Spinnerbait writes: "Intel is officially unleashing their newest mainstream
desktop chipset today, the P35, a member of the formerly codenamed "Bearlake"
family. In addition to a new ICH9 Southbridge,
the P35 chipset ushers in
support for DDR3 system memory for the desktop. It also supports legacy DDR2
memory, depending on the motherboard's DIMM slot configuration.
a performance evaluation on a pair of P35-based motherboards
from Asus with both DDR2 and DDR3 memory installed. As you'll note, thanks to
some relatively high latencies currently, DDR3 doesn't affect performance all
that much. It sure is great for overclocking though!"
Ilgaz notes that The Register has posted benchmark results from Oracle 11i running on four 4.7GHz Power6 chips. Quoting: "The speedy chips confirm IBM's boasting that Power6 would arrive near 5GHz. They also show that IBM's customers have a lot to look forward to in terms of raw performance." Rumor has it that the Power6 chips will be announced on Tuesday.
from the fill-'er-up-with-AlGal dept.
mdsolar writes "PhysOrg is reporting on a method of releasing hydrogen from water by oxidizing aluminum in an alloy with gallium. In the presence of water the aluminum oxidizes, leaving aluminum oxide, gallium, and hydrogen gas. The Purdue scientists who discovered the effect think this could help to overcome difficulties with hydrogen storage. Quoting: 'On its own, aluminum will not react with water because it forms a protective skin [of aluminum oxide] when exposed to oxygen. Adding gallium keeps the film from forming, allowing the aluminum to react with oxygen in the water.'"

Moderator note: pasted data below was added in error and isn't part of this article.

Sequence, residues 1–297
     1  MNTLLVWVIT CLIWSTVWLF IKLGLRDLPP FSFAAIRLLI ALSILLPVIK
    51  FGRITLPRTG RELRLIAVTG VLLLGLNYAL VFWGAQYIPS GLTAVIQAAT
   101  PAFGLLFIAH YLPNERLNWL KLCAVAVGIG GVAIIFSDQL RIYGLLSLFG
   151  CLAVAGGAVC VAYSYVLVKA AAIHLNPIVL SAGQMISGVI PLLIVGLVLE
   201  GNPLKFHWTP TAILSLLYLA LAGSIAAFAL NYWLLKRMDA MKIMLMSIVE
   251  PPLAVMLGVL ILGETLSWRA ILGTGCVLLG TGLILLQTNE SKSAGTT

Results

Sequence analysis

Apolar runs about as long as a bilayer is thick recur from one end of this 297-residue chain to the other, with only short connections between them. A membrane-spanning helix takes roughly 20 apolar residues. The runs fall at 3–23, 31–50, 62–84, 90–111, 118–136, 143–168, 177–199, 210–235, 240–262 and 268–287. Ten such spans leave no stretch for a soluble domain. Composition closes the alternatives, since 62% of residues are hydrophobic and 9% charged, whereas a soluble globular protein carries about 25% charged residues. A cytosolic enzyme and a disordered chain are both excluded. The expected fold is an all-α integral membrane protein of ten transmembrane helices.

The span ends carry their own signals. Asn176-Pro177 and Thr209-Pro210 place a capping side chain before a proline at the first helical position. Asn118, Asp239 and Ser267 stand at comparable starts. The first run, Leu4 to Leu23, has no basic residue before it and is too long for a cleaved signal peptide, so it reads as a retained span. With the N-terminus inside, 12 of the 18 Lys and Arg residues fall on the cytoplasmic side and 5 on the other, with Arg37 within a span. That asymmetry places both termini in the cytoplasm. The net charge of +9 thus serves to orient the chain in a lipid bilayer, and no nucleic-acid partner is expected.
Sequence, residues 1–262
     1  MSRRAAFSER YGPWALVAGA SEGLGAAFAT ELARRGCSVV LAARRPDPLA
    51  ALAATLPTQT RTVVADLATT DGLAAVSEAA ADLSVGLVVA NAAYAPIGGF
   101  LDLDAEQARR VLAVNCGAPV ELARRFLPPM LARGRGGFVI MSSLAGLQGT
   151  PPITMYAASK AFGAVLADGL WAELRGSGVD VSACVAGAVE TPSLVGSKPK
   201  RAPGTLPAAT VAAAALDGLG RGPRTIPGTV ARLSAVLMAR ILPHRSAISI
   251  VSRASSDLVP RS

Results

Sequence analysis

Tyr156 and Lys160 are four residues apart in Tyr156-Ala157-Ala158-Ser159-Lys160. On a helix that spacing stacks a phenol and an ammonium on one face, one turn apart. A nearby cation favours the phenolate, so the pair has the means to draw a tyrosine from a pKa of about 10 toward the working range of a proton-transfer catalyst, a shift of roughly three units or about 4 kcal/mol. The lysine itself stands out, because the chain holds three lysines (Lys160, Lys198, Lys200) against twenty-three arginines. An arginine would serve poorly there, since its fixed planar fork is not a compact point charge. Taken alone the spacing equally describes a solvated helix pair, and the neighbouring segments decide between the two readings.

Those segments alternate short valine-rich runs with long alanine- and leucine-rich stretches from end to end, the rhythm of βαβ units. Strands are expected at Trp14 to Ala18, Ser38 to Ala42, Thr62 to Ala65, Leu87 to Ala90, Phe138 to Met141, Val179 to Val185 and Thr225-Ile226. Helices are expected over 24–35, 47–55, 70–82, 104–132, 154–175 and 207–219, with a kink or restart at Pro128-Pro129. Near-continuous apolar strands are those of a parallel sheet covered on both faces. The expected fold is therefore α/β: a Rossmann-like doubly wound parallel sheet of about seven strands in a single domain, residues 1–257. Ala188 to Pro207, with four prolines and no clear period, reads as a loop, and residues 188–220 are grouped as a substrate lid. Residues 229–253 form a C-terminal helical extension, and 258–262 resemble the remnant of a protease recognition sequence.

from the time-for-the-unlimited-plan dept.
theodp writes "Last month, Washington high school junior Sofia Rubenstein used 6,807 text messages, which, at a rate of 15 cents apiece for most of them, pushed her family's Verizon Wireless bill over $1,100. She and other teens are finding themselves in hot water after their families get blindsided with huge phone bills thanks to hefty a la carte text messaging charges." Use of SMS in the US doubled from 2005 to 2006.
crkian writes: "The people responsible for the open-source Wii mod OpenWii have announced the release of OpenWii v2.2, which includes a DVD upgrade.
Those who love the Wii and find the DVD format handy for their archival purposes are probably rejoicing right now. Anyhow, before you go on a DVD spree, they do note that you must still use the setup disk to set the region.
Triforce, a member of the OpenWii forums notes that he's tested the new release on a D2A/DMS USA Wii. Here are the results:
Wii Originals: Yes
Wii Backups: Yes
Wii Imports: Not Tested
Wii Imports Backups: Not Tested
Gamecube Originals: Yes
Gamecube Backups 8cm: Not Tested
Gamecube Imports: Yes
Gamecube Backup Imports 8cm: Not Tested
Gamecube Imports Backup 12cm: No
ghoul writes: According to this article Indian Railways has started the process of equipping railway stations with Wi-Max facilities. These will provide wireless access to within 5-6 km radius of railway stations as compared to the current 100-200 m radius of Wifi. I wonder why Google is using Wifi for San Francisco when WiMax is now available. This is another example of leapfrogging of technology. India never managed to roll out a complete copper landline system but ramped up mobile access so fast that there are now more mobiles than landline. Hence now there is phone connectivity and they have saved the cost of all that copper and fiber. Similarly they will save money on not having rolled out Wifi and going to WiMax directly. Also given that India has the largest network of railway stations in the world most villages do fall 5-6 km within the radius of a railway station so when this rollout is completed the entire country should have wireless access. Drawbacks — its not free and it wont work on moving trains